Blogs » Community Conversation Editor » To print or not to print? That is the question


Our editorial board adheres to the U.S. Constitution’s First Amendment, the freedom of speech and freedom of press. This democratic law is what binds us and unites us. However, when the speech is untrue, should we be free to say it to the world? Would you say it is irresponsible of a newspaper to print untruths?

Recently, we published a guest column authored by Memorial High School government teacher Peter Aparicio. The column has become a point of contention and a focal point for others wanting to chime in on what Aparicio said.

The content of the column included things that Aparicio said he hoped isn’t true, things about our U.S. president, and that is the key point. Many, since the column was published, have taken the information in Aparicio’s column and stated it as fact.

I can tell you right now, that the Advocate’s editorial board has set up policy that no statement of untruth or unsubstantiated points will be printed. But that’s where it gets fuzzy. When someone says he hopes these things aren’t true, it is an opinion that is questioning the truth of these rumors and theories. Or is it a sly way to publish untruths?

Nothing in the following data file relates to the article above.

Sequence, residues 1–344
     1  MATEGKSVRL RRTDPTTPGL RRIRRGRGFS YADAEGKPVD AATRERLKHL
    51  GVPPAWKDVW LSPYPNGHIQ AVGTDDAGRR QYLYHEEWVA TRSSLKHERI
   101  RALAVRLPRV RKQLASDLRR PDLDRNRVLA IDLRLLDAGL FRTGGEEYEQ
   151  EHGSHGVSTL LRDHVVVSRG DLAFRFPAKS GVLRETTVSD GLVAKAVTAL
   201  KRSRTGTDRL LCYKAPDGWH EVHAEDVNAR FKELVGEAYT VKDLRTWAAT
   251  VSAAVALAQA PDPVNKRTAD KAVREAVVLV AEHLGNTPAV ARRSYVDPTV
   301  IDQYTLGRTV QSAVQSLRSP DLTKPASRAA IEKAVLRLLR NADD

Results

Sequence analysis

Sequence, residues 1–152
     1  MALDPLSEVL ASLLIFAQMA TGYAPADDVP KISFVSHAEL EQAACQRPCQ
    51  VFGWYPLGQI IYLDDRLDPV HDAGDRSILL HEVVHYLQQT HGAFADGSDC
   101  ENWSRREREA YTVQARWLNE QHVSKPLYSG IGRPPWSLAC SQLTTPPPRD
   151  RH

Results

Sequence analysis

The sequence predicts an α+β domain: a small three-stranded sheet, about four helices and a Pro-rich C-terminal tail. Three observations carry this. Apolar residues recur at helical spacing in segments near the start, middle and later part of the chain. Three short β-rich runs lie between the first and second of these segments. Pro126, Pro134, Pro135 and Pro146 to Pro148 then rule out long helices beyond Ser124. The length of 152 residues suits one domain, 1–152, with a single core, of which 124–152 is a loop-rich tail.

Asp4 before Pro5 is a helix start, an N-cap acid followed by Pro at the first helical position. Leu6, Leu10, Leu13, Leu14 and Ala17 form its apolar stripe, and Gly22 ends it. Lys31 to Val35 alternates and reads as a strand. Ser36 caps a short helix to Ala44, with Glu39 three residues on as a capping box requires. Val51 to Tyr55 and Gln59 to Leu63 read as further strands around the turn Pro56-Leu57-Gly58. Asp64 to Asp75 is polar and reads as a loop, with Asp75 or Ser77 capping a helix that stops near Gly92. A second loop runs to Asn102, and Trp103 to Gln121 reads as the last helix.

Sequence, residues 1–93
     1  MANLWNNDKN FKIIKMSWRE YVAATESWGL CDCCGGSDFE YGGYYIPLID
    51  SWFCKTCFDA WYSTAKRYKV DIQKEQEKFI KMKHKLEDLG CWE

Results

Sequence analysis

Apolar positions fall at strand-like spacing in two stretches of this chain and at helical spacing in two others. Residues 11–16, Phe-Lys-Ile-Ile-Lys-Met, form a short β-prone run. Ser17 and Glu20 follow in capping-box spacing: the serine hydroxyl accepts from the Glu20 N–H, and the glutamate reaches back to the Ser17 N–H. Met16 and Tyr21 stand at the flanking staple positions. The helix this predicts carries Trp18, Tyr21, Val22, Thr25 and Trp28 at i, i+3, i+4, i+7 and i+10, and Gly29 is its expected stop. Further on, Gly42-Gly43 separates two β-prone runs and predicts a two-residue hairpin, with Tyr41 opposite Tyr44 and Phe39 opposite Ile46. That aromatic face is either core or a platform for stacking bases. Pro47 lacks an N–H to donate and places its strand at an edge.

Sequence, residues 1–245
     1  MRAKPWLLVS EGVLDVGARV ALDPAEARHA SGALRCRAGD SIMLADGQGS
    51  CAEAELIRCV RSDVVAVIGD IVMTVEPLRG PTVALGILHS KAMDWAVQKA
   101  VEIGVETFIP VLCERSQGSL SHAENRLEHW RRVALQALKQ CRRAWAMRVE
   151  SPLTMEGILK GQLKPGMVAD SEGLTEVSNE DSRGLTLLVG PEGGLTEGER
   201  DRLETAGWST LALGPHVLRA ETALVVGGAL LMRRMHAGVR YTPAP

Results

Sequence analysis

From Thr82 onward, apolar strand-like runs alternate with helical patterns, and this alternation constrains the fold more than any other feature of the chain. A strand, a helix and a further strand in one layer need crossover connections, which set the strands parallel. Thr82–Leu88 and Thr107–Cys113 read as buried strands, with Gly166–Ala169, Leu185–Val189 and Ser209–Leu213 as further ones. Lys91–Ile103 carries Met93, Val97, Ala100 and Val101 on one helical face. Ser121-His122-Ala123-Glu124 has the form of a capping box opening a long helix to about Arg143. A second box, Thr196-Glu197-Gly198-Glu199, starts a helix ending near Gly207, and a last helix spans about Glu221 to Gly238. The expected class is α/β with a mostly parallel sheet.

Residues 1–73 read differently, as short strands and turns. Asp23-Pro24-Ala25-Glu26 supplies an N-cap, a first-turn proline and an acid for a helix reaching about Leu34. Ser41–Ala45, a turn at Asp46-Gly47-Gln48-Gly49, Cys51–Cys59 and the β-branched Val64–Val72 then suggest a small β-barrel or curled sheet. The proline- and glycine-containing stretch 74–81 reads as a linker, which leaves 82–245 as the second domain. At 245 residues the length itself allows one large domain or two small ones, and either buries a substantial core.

We certainly don’t want to encourage untruths and fallacies to be spread in such a manner.

Just for the record, anybody can go to and find out if something is true or not. has a large panel of experts who check facts out.

The second point here is that many readers think that when we publish something on our Viewpoints Page, we are endorsing it or believe it. This is simply not true. All we do is provide a page or forum for people with viewpoints. If you want to know what we endorse, look under the heading “Our views.” All other opinion/editorial pieces will fall under the headings “Other Views,” and “Your Views” – these are not our views.

We struggle constantly with letting all viewpoints appear on our page. But when an issue or discovery or something is not proven or is plainly untrue, we will not publish it.

So I ask you, our readers – because we have received concerns about printing untruths on our Viewpoints Page – should we have not have printed Aparicio’s guest column? The op/ed piece had untruths in it, but Aparicio said he hoped they were not true.

Our goal is to have a civil discussion, a forum for everybody’s opinion. Also, if you feel compelled to disagree with any column, you are invited to have a guest column and state your opinion, as well.

We invite your feedback on this issue, and we plan on talking about it at our editorial board meeting Wednesday. I will take your opinions with me.